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The impact of a serum based proteomic mass spectrometry test on treatment recommendations in advanced non-small-cell lung cancer.

Akerley WL, Nelson RE, Cowie RH, Spinella DG, Hornberger J. The impact of a serum based proteomic mass spectrometry test on treatment recommendations in advanced non-small-cell lung cancer. Current Medical Research and Opinion. 2013 May 1; 29(5):517-25.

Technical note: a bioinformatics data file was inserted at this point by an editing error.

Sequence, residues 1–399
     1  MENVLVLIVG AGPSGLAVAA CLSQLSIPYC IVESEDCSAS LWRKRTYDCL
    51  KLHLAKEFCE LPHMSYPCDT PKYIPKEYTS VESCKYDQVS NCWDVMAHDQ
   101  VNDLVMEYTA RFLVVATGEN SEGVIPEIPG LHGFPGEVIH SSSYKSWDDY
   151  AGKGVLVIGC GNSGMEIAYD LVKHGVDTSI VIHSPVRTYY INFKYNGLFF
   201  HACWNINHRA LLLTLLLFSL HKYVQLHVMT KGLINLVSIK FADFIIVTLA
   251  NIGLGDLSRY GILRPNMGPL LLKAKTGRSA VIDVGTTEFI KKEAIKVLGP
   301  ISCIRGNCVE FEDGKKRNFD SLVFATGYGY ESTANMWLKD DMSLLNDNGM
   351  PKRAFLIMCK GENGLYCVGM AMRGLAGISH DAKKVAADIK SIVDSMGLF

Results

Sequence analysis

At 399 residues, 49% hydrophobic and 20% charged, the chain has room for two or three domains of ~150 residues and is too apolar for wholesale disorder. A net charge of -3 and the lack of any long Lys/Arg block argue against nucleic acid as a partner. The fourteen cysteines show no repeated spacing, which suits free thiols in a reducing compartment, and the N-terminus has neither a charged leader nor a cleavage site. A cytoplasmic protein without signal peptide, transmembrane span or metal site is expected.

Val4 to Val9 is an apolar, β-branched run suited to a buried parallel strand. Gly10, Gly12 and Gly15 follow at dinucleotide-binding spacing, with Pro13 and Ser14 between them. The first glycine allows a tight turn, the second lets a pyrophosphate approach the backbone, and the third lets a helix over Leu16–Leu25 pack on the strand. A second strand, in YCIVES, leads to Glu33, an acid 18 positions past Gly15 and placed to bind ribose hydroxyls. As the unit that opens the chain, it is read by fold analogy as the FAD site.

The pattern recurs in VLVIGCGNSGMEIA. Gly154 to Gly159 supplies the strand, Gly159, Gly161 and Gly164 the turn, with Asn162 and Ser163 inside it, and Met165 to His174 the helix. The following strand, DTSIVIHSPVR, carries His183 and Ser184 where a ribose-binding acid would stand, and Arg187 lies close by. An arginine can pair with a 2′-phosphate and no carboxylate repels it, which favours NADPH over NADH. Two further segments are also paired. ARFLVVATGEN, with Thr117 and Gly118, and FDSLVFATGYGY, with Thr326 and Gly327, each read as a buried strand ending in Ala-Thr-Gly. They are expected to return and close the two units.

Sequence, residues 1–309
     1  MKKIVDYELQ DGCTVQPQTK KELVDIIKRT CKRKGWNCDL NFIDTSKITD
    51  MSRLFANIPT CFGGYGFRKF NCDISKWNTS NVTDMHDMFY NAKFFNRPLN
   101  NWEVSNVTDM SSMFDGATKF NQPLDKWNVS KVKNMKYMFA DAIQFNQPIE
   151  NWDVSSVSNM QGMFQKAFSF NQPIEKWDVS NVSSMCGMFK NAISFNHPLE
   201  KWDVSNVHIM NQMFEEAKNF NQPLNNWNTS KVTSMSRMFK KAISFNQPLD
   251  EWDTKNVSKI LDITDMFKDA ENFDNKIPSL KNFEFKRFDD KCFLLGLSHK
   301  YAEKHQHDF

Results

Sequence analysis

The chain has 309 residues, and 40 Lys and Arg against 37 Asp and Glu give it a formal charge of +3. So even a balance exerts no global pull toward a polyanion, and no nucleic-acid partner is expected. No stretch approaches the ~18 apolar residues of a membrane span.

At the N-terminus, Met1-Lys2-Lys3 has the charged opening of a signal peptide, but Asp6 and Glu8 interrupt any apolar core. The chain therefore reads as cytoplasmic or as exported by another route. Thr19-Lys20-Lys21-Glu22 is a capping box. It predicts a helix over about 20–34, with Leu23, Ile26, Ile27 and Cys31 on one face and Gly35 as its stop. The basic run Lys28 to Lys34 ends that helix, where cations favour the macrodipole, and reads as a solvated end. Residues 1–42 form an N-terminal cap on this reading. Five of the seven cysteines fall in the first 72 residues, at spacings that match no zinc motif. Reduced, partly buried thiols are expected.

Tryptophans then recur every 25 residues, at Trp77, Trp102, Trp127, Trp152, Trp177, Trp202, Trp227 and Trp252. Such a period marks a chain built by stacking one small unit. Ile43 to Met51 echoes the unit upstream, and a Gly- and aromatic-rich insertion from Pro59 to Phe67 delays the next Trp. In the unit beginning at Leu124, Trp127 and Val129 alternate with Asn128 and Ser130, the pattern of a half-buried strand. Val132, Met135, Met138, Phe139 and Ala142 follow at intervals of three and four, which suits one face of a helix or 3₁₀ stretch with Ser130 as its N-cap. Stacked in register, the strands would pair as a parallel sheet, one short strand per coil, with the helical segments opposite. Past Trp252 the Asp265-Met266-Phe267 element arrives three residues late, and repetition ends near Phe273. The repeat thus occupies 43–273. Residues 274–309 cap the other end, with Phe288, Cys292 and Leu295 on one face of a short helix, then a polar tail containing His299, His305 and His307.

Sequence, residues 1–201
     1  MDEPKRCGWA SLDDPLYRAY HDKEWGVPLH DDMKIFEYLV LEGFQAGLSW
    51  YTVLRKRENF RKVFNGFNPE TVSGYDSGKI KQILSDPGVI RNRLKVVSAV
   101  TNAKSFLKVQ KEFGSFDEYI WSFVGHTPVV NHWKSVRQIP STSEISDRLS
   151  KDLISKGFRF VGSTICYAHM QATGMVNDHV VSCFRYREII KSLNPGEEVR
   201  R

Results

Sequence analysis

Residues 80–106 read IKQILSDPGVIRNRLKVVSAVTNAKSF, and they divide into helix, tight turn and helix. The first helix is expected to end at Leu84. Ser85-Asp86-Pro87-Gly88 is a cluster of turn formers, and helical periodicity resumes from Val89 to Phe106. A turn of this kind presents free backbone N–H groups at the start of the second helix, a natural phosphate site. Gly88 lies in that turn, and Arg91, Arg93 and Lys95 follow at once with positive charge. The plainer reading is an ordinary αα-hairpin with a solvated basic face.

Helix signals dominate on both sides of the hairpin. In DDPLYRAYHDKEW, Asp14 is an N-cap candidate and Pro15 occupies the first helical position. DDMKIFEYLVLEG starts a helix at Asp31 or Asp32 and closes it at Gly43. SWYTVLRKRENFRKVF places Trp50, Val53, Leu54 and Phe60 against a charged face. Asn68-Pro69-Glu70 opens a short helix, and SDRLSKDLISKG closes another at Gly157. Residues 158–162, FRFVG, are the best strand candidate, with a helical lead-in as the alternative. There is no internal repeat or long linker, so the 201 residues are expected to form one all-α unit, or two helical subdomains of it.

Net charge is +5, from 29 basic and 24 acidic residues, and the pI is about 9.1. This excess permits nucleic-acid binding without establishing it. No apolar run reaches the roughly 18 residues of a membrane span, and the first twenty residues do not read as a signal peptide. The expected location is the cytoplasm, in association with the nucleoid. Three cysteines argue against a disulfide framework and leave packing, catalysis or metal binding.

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OBJECTIVE: To assess the impact of a serum-based proteomic test for non-small-cell lung cancer (NSCLC) on physician treatment recommendations. RESEARCH DESIGN AND METHODS: A multivariate, serum-based proteomic test (VeriStrat) is commercially available to assist physicians when determining treatment using epidermal growth factor receptor inhibitor (EGFRi) therapy, such as erlotinib (Tarceva), by stratifying patients into two categories: those with significantly better ('good') and those with significantly worse ('poor') outcomes following treatment with EGFRi therapy. All tests ordered from August 9, 2011 to November 26, 2012, were considered for this study. Pre- and post-test treatment recommendations were prospectively collected from ordering physicians on a voluntary basis. Only those tests that had both pre- and post-test treatment information were included in the analysis group. MAIN OUTCOME MEASURES: Proportional change and correlation of treatment recommendations before and after receipt of the test results. RESULTS: Over the duration of the study, 724 physicians ordered 2854 tests. The analysis group comprised the 226 physicians who provided pre- and post-test treatment information (n = 403 tests). Following receipt of the test results, 90.3% (95% CI: 86.4-93.3%) of patients who tested as 'good' received erlotinib recommendations versus 9.6% (95% CI: 4.5-17.4%, p < 0.0001) of patients who tested as 'poor'. Ninety percent of post-test treatment recommendations positively correlated with test results, with 40% showing a change from pre-test considerations. STUDY LIMITATIONS: Data based on physicians willing to submit recommendations and endpoint limited to therapy recommendations. CONCLUSIONS: Among test orderers, serum-based proteomic mass spectrometry testing significantly influenced therapy recommendations in NSCLC. Usage patterns should be monitored as use expands.

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